- Create content: create three pages at first. A home page, an about page, and a contact page. Once you do that, you can start working on individual posts.
Chapter Three: Plan Your Content
To generate money through your blog, you need a plan. The best way to do so is through a content calendar. While there’s no perfect schedule, you have to be consistent because that’s the factor that keeps people coming back to your blog. Ideally, you’ll post content evenly in different categories.
Search Engine Optimization or SEO helps you get traffic to your site. Keywords tell Google what your content is about. Beginner bloggers should focus on long-tail keywords to attract readers looking for specific information. There are different tools you can use to find the right keywords, such as Pinterest or KW Finder.
Once you find your keywords, determine what kind of content, you want to create. Options include listicles, tutorials, reviews, and case studies. Then, you have to come up with eye-catching headlines that invite people to read your posts. Good headlines are intriguing, detailed, and shareable.
Finally, you need a content calendar, an essential tool to organize your posts. First, you need to decide when you’ll be posting articles. Then, you need to look at the headlines you came up with. Finally, you assign a headline to a date when you intend to publish.
Chapter Four: Get Ready for Readers
Before you welcome readers to your site, you have to make some preparations:
- Your “about me” page tells people something about you. More importantly, this is a chance to tell your readers the kind of problems your site will solve for them. The “about me” page should have your name and picture, some facts about you, a link to your most popular posts, and a call to action.
- A contact page is a way for people to get in touch.
- List building is important because this is a platform you own and you can use it to communicate with your readers directly. To enable one, you need an email service provider and a form. Make sure you provide freebies to entice readers to subscribe. These include courses, ebooks, worksheets, product samples, or video content.
- Make content and images easy to share
- Set up social accounts on some of the most popular platforms.
Chapter Five: Create Content
Blog posts have a unique format. This is what you should have in mind when writing a blog post:
- They should be easy to read by including bullet points, numbered lists, and subheadings.
- They include images
- Their purpose is clear
- They have a conversational tone
- They have short paragraphs
- Their links are helpful
Before posting the content, you should write a draft on WordPress, Word, or Google Docs. The writing process has four steps. First, you outline the post. Second, you do some research. Third, you create a draft and include a call to action at the end of your post (comment, share, or subscribe). Finally, you edit the post by getting rid of unnecessary words, rearranging ideas so that they make sense, using simpler terms, and correcting mistakes. Now, you’re ready to post.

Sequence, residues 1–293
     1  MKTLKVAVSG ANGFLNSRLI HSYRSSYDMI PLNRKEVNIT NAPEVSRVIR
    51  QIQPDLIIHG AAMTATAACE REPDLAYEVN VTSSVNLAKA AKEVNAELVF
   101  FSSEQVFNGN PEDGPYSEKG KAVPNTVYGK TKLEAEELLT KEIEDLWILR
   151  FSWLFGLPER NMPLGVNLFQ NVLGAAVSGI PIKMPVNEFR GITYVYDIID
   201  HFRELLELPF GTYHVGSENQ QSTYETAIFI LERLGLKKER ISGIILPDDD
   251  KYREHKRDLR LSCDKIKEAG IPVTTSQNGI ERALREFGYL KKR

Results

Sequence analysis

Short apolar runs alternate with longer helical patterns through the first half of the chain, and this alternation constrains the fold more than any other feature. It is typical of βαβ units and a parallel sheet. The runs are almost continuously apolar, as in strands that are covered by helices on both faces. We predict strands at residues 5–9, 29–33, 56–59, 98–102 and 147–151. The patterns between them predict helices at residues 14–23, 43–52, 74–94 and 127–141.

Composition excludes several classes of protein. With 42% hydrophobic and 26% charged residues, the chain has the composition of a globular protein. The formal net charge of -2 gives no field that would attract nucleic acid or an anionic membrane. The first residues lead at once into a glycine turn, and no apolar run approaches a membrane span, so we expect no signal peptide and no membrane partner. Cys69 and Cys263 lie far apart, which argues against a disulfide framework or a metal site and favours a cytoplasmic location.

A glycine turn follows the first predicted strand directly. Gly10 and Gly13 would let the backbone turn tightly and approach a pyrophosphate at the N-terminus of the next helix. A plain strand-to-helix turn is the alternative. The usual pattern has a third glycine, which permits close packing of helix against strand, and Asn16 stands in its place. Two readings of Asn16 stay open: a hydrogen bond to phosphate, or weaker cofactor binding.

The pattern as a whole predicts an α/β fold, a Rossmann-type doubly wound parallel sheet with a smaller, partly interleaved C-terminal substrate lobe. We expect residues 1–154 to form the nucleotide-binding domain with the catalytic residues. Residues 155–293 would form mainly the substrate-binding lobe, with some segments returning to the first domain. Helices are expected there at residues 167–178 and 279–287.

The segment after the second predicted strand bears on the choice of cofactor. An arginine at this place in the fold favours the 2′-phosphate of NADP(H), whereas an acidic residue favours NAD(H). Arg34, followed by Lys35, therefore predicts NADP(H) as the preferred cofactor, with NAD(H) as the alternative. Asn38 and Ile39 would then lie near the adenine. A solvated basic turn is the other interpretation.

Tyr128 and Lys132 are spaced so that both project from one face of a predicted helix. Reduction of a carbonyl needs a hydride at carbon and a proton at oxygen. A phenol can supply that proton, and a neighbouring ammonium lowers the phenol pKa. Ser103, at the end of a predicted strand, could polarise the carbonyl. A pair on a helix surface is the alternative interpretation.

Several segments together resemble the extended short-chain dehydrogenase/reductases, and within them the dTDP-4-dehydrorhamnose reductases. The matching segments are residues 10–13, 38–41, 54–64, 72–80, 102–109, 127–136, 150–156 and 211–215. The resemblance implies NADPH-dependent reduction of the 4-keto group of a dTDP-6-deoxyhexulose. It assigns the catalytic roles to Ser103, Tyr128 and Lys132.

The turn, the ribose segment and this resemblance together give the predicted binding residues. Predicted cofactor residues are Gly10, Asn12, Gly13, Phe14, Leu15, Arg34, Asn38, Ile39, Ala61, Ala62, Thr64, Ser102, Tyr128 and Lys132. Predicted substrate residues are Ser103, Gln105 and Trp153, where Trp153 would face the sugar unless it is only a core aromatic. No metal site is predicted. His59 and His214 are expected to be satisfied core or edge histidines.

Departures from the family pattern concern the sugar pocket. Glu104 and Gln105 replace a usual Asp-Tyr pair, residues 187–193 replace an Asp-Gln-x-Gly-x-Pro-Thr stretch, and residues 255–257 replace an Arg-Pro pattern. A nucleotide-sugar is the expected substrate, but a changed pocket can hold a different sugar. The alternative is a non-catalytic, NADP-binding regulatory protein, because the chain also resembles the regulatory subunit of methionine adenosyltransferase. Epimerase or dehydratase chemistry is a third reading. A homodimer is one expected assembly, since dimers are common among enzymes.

Chapter Six: Market Your Content
For people to find your content, you need to market it. Sharing your posts on social media isn’t enough. There are way too many options when it comes to marketing your content, so try different platforms and find the ones that work best for you.
- Pinterest: this isn’t just a social network but a search engine. Pinterest is all about images.
- Facebook: create a Facebook business page to connect with your readers. Apart from sharing your content, you can also share behind-the-scenes, quotes, questions and answers, polls, tips, or memes.
- Twitter: Twitter is all about brevity and hashtags. Setting up an account is easy and as soon as you do so, follow people in your niche. For Tweets, share quotes, links, life updates, or fun facts.
- Instagram: setting up a business account gives you access to analytics. Use your ideal reader in mind when sharing content.
Whatever you do, don’t start using all platforms at once. Start with one and add another one when you’re comfortable.
To boost your traffic, you can do guest posts on someone else’s blog. Start with small sites first and work your way up to bigger sites.
Chapter Seven: Create Your Monetization Strategy
To make money from your blog, you need a plan. As long as you’re targeting your ideal reader from the get-go, you can make money early on. The six methods to monetize your blog are:
- Affiliate marketing: affiliate marketing refers to promoting someone else’s product or service. Once a visitor clicks a link and makes a purchase, you get a commission. To promote the product, you can write a review, compare two products, promote the product via social media, or share it in the comments. The company should give you an affiliate link you can use for this purpose and whenever you share that link, you should make it clear that you’re receiving a commission from purchases.